Federal Energy Regulatory Commission.
Notice of Proposed Rulemaking.
The Federal Energy Regulatory Commission is proposing to amend its regulations to establish requirements governing the conduct of open seasons for proposals to construct Alaska natural gas transportation projects. These proposed regulations are intended to fulfill the Commission's responsibilities to issue open season regulations under section 103 of the Alaska Natural Gas Pipeline Act (the Act), enacted on October 13, 2004. Section 103(e)(1) of the Act directs the Commission, within 120 days from enactment of the Act, to promulgate regulations governing the conduct of open seasons for Alaska natural gas transportation projects, including procedures for allocation of capacity. According to section 103(e)(2) of the Act, these regulations must include the criteria for and timing of any open season, promote competition in the exploration, development, and production of Alaska natural gas, and for any open seasons for capacity exceeding the initial capacity, provide for the opportunity for the transportation of natural gas other than from the Prudhoe Bay and Point Thomson units.
Comments are due on December 17, 2004.
Comments may be filed electronically via the eFiling link on the Commission's Web site at http://www.ferc.gov. Commenters unable to file comments electronically must send an original and 14 copies of their comments to: Federal Energy Regulatory Commission, Office of the Secretary, 888 First Street NE., Washington, DC, 20426. Refer to the Comment Procedures section of the preamble for additional information on how to file comments.Start Further Info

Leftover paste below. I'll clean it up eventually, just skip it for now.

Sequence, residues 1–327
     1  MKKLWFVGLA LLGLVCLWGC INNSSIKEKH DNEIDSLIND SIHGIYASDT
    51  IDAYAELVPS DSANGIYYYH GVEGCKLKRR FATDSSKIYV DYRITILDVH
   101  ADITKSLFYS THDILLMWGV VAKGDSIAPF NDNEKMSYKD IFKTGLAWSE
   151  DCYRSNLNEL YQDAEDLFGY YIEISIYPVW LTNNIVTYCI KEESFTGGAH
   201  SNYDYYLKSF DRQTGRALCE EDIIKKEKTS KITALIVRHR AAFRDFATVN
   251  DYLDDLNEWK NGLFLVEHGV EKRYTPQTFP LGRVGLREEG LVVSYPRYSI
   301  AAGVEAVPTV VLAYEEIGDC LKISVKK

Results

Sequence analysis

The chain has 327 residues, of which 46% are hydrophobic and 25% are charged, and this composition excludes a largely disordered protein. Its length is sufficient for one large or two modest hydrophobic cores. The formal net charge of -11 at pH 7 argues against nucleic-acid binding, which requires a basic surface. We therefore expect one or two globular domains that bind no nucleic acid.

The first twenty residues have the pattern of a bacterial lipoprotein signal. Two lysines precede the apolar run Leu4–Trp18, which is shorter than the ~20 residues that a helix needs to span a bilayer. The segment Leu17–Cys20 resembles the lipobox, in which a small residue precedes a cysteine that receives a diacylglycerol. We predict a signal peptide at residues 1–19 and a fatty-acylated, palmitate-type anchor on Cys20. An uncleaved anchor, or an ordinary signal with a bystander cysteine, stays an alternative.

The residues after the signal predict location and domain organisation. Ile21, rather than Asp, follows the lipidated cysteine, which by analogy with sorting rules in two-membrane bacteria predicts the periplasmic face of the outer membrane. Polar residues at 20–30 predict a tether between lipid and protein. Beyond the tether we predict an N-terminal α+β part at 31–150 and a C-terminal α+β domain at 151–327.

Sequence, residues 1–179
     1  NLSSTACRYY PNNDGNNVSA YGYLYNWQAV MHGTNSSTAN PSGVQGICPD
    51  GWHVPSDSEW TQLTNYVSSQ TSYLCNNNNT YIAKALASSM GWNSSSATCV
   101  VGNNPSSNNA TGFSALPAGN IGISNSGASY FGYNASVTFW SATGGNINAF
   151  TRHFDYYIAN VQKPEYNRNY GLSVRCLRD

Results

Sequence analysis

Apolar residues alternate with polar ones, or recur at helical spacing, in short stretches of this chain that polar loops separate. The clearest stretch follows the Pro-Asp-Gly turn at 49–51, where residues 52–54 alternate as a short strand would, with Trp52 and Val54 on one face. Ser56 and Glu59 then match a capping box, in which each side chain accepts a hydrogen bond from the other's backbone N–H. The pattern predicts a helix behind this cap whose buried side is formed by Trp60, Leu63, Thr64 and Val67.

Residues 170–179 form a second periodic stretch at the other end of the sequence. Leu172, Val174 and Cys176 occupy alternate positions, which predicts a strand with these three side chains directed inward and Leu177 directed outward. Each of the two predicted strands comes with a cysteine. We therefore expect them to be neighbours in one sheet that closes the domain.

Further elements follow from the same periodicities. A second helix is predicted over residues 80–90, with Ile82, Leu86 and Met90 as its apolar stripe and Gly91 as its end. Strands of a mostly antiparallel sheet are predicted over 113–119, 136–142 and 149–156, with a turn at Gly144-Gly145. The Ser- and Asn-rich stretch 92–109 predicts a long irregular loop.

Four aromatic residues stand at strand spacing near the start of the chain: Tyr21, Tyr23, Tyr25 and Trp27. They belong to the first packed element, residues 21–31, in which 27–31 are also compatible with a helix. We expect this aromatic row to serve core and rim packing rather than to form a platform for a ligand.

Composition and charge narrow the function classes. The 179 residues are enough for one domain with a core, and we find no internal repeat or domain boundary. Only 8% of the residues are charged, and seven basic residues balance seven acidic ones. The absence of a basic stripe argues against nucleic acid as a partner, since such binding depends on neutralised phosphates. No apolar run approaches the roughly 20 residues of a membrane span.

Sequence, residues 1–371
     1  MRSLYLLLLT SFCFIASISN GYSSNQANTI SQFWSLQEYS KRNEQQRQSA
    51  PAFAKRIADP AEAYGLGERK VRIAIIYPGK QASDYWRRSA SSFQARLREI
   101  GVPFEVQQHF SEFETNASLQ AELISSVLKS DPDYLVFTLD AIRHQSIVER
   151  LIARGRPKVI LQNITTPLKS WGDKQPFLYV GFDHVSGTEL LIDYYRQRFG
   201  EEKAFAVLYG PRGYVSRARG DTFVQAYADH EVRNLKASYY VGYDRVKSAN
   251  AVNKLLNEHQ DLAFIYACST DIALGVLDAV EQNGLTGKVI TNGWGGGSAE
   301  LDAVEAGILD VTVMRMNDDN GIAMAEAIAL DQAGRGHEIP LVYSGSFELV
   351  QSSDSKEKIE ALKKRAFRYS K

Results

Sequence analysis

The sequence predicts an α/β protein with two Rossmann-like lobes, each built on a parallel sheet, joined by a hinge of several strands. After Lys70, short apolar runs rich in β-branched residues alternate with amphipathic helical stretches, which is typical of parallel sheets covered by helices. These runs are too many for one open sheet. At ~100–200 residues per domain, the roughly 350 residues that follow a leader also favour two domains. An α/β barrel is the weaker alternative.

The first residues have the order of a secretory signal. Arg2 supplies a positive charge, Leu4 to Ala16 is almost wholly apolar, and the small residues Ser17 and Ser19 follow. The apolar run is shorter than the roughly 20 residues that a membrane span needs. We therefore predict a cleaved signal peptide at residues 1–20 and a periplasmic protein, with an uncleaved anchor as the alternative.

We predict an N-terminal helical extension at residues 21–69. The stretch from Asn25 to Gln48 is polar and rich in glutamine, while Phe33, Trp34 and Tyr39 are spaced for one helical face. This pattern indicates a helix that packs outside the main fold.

FOR FURTHER INFORMATION CONTACT:
Whit Holden, Office of the General Counsel, Federal Energy Regulatory Commission, 888 First Street, NE., Washington, DC 20426, (202) 502-8089, firstname.lastname@example.org.End Further Info End Preamble Start Supplemental Information
Notice of Proposed Rulemaking
1. The Alaska Natural Gas Pipeline Act became law on October 13, 2004. Under the Act, Congress mandated the expedited processing by the Commission of any application for an Alaska natural gas transportation project, namely any natural gas pipeline system that carries natural gas derived from that portion of Alaska lying north of 64 degrees north latitude to the border between Alaska and Canada. The new law recognizes the importance of our Alaskan natural gas resources in meeting the rapidly rising demand for natural gas in the United States. The timely development of an Alaska natural gas transportation project to bring Alaskan natural gas to markets in Alaska and in the lower 48 states will help ensure that the nation has adequate supplies of natural gas at reasonable prices. To this end, the Act charges the Commission with the responsibility of implementing an expedited approval process consistent with the Act. The Act specifically directs the Commission to prescribe the rules which will apply to any open season held for the purpose of soliciting interest in, or making binding commitments to the acquisition of capacity on, any Alaska natural gas transportation project, including the criteria for allocating capacity among competing bidders.
2. To date, it has been the Commission's policy, developed through its orders and opinions, that all new interstate pipeline construction be preceded by a non-discriminatory, non-preferential “open season” process through which potential shippers may seek and obtain firm capacity rights. Congress has determined that it is necessary to supplant Commission policy with specific regulations governing the conduct of open seasons for an Alaska natural gas transportation project in order to take into account the tremendous cost, long lead-time, and environmental sensitivities that are unique to such a project. In this regard, Congress has emphasized that the Commission's regulations are to be designed to promote competition in the exploration, development, and production of Alaska natural gas and, as to any open season for expansion of the initial capacity of any Alaska natural gas transportation project, the Commission's regulations are to specifically provide the opportunity for gas other than Prudhoe Bay and Point Thomson production to have access to the pipeline.